It can however be calculated (comparing this to the actual reading will determine if the line is blocked.) To do this we need the following information:

a. Height from center line of the pump to the level of the liquid in the tank.
b. The length and size of the suction line including the equivalent length of pipe caused by fittings. (See Figure 2 at the end of the Document)
c. The normal flow rate of the pump.
For our example lets assume (See Drawing A at the end of the Document)
a. Height from C/L to liquid level is measured at 11 feet. From Curve (Figure 3 at the end of the Document) we see this is equal to 6.6 in. Hg.(Mercury).
b. We determine that there is 60 feet of 2 in. pipe with 6 - 2 in 90 Deg. SR elbows. From Figure 2 we can determine that each elbow is equal to 5 feet of pipe. This gives us:
Total pipe             = 60 feet
Equiv. pipe from
fittings = 6 x 5      = 30 feet
        Total           = 90 feet
c. The normal flow rate of the pump from the name plate we find is 10 USGPM
To calculate our suction Lift:
1. Static Lift (C/L pump to liq. level)            = 6.6 in.Hg.
2.Total equivalent length pipe = 90 feet
From Figure 4 at 10 USGPM we need
0.2 in.Hg per 100 feet of pipe to overcome
friction loss in the pipe> Therefore to
calculate 90 feet/100 feet x 0.2 In. Hg.     = 0.18 in.Hg.
Total suction lift                                        =  6.78 in.Hg.
Using the formula 1 in.Hg. = 0.489 PSI we get:
6.78 in.Hg. x 0.489 = 3.32 PSI
C. The Current Atmospheric Pressure.
A quick phone call to you local weather office will give you this.
A call to our local hot line today gave me a current atmospheric pressure of 100.9 KPa (Kilopascals). The conversion to PSI is: 1 KPa = 0.145 PSI

Therefore our current atmospheric pressure is 100.9 KPa x 0.145 = 14.63 PSI,

To calculate If we have lowered the Pressure on the Gasoline below its VAPOR Pressure we use the following formula:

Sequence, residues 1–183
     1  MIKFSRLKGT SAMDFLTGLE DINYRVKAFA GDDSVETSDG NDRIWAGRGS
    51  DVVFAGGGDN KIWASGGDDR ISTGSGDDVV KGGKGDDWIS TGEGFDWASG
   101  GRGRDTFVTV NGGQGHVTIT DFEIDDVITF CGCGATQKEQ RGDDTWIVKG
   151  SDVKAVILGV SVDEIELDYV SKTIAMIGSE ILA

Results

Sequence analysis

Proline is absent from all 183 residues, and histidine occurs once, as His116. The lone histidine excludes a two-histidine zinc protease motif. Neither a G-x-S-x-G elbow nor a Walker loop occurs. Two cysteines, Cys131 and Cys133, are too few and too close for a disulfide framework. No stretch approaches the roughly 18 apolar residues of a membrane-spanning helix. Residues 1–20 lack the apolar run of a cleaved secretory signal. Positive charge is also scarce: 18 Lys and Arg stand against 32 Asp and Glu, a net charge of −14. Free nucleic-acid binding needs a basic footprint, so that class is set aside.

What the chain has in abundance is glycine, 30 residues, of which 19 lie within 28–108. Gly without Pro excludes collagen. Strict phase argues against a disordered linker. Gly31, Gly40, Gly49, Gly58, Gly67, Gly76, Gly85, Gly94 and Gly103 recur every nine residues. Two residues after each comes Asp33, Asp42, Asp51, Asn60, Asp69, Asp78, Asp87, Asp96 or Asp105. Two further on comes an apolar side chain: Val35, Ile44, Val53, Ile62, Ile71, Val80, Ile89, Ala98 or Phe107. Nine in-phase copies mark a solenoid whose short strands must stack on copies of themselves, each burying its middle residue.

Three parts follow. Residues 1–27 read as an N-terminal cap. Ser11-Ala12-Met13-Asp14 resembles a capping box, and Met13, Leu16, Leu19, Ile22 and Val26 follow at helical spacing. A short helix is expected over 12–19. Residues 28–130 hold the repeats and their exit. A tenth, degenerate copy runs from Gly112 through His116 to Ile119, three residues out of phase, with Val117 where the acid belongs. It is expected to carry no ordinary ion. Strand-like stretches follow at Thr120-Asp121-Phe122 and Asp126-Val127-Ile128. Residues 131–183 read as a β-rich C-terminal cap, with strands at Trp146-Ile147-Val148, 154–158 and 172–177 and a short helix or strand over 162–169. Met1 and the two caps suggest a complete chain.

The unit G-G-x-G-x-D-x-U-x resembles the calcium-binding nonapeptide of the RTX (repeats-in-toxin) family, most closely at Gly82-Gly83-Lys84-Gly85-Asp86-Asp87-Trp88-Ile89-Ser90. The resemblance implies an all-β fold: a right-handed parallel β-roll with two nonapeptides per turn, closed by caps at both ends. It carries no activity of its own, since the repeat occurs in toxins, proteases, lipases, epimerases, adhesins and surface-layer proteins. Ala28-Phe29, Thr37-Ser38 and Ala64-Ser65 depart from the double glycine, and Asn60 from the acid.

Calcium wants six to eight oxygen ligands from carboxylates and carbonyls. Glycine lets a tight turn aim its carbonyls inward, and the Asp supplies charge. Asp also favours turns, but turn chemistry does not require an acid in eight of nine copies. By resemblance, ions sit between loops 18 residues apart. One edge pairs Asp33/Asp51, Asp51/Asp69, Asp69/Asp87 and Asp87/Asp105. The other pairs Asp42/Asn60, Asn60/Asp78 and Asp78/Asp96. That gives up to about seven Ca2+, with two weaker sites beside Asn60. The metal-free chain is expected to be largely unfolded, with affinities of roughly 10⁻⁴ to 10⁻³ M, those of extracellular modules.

Therefore from our example: 14.63 PSI - 3.32 PSI = 11.31 PSI

Now from our Figure 1 we determine that the VAPOR Pressure of our Reid #12 fuel at 78 deg. F is approx. 8.7 PSI and thus we are 11.31 PSI - 8.7 PSI = 2.61 PSI over the VAPOR Pressure point of the fuel and it should not be turning to a gas.

If However at B. where we calculated our Suction Lift as 6.78 in.Hg. Vacuum, with a Vacuum gauge we actually measured vacuum as high as 12 in.Hg. We would then come to the following result:
12 in.Hg. x 0.489 = 5.87 PSI (Actual Suction Lift)

14.63 PSI - 5.87 PSI = 8.76 PSI (Pressure on liquid)

8.7 PSI - 8.76 PSI = -0.06 PSI (Pressure below VAPOR Pressure)

At this point we should look for a blockage in our Suction or Vent lines, or a high spot in the suction line.

But remember to first determine if there is an appreciable difference between the calculated Vacuum and the Actual Vacuum.

If you do this procedure you will save a lot of time looking for blocked lines that are not there when the problem could simply be a fuel with too high a VAPOR Point being too hot on a day with low atmospheric pressure.

An important note is that the most significant thing affecting the Suction Lift or Vacuum is the Static or Vertical lift and not the length of pipe. This means if you are having the problem on a tank that is low in fuel, simply filling it may eliminate the problem.

A couple of helpful manuals to get your hands on are Blackmer Pump's Bulletin 33 "Hydraulic Data for Pump Applications" and Marlow Pump's ITT "Engineering Manual".


Typical Installation Diagram

Typical Tank Installation

Drawing A


Shown in approximate equivalent length of straight pipe in feet

Type of Fitting1 1/2in2in3in
Gate Valve - Fully Open0.951.21.7
Globe Valve - Open425180
Angle Valve - Open203040
Standard Tee - through side outlet91216
Standard Tee - straight through2.83.55
Standard Elbow4.55.08
Medium Sweep Elbow3.54.57
Long Sweep Elbow2.83.55

Figure 2

Static Lift conversion Chart

Figure 3


Specific Gravity 0.72
Reading in inches of mercury (in.Hg.)

Figure 4

Page Last Updated: Tue, 17 Oct 2017